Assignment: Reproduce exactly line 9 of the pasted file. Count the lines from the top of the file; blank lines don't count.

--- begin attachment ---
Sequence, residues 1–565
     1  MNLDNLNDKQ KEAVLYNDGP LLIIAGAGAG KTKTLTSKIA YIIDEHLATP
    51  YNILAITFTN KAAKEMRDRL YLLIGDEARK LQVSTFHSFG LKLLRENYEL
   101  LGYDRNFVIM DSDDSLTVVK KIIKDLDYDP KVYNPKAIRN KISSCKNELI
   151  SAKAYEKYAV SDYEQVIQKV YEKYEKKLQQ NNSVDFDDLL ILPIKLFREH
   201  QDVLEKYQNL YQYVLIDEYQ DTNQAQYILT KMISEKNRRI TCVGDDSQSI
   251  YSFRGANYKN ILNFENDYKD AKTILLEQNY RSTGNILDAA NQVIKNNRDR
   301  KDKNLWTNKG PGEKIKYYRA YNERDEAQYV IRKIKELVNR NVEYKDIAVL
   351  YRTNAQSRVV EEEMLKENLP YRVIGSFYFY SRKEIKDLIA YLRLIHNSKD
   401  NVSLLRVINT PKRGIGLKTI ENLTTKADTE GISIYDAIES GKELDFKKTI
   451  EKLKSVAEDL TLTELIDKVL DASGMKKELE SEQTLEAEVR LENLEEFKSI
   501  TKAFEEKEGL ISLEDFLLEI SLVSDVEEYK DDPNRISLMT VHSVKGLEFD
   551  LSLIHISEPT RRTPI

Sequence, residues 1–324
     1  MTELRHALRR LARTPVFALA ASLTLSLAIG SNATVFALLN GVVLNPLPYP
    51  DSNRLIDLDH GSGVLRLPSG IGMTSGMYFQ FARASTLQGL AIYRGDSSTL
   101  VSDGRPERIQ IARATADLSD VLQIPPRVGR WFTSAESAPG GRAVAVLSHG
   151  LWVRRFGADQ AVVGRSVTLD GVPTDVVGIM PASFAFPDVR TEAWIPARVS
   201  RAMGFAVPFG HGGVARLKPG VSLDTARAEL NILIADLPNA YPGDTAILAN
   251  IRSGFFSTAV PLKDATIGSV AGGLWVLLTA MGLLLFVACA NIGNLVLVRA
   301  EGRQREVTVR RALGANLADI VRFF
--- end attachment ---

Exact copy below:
   351  YRTNAQSRVV EEEMLKENLP YRVIGSFYFY SRKEIKDLIA YLRLIHNSKD